“To me, it is one of the greatest challenges of being a filmmaker: how do I make it look real without actually doing it?” Wolsh said. In making actors participate in the process, they are put in a position where they can feel the genuine emotion of the situation of the stunt.
Speaking of the gratuitous shots of women throughout the movie, Wolsh believes it comes with the territory. “It is part of our industry and part of every industry,” Wolsh said.
In addition to scantily clad females being a reality of the genre that is necessary to sell a movie, many non-horror films are also as guilty but not held to the same standard. Yet, Wolsh does not believe that this necessarily objectifies women. “The girls were super intelligent and completely knew what they were doing. That’s how they make their living. They don’t look at it like, ‘Oh I’m being taken advantage of,’” Wolsh said. “A lot of them see it as a blessing that they can use that to get ahead.”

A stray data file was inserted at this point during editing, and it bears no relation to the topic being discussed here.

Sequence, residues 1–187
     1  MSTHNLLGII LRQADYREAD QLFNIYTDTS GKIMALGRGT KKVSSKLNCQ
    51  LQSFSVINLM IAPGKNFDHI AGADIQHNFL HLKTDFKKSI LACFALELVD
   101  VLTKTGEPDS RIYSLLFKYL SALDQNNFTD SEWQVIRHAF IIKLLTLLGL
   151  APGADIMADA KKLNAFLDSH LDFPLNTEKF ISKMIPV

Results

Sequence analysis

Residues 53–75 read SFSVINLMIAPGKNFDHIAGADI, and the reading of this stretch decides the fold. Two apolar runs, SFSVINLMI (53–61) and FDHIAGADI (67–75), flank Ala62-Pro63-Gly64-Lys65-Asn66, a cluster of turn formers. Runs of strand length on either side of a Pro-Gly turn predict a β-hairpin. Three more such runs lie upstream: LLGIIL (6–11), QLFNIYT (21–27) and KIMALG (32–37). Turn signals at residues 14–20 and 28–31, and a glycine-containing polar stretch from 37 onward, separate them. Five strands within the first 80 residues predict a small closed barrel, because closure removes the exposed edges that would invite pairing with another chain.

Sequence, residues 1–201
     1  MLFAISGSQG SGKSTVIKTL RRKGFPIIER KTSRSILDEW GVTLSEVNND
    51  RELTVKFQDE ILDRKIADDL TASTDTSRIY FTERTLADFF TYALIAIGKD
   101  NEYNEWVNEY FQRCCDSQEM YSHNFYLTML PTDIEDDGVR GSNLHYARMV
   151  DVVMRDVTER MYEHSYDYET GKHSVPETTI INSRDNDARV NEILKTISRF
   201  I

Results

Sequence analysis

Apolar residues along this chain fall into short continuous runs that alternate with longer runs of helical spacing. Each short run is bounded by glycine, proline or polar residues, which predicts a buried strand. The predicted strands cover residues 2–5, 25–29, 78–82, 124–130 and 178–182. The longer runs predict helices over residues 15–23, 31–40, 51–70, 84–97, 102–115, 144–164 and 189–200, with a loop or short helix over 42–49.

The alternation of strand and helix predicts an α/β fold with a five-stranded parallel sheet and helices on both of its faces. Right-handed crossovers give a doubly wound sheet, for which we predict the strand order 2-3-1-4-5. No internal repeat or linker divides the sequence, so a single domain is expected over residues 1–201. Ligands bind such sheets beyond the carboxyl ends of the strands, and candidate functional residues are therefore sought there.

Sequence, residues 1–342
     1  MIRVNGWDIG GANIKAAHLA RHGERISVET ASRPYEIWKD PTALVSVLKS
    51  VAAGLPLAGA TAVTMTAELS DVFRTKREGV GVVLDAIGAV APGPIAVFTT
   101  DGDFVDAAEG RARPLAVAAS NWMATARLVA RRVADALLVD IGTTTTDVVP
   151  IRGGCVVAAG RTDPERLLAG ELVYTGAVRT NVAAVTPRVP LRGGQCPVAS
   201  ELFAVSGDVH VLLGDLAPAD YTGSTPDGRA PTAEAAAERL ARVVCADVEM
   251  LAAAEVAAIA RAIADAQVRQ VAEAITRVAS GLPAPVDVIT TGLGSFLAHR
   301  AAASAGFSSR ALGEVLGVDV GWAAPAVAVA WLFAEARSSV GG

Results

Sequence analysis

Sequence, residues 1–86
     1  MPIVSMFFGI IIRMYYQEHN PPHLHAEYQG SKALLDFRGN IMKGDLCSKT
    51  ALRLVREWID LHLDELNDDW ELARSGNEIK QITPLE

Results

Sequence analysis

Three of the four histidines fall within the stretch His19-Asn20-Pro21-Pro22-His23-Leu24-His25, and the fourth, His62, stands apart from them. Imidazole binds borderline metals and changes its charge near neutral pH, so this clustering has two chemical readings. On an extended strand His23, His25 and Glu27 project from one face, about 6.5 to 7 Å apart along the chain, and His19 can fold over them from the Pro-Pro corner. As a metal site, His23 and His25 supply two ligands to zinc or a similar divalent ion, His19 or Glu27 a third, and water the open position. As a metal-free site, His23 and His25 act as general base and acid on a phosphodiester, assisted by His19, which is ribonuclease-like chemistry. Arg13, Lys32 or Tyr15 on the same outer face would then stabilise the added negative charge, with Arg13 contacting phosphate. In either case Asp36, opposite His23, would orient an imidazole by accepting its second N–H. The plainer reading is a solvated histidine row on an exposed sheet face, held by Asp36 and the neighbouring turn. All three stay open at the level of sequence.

While “Muck” itself may not be a masterpiece that will be enshrined next to the works of Kubrick and Coppola, Steve Wolsh’s journey is a tale of hard work and dedication without the sugar coating. In addition to valuing work ethic, having chosen to follow his passions rather than be financially sound, he has learned to value what he took for granted in his youth.
“Your ability to live cheap and try new things, your endurance for being humbled and challenged is a commodity that people do not realize they have, and diminishes as you get older,” Wolsh said.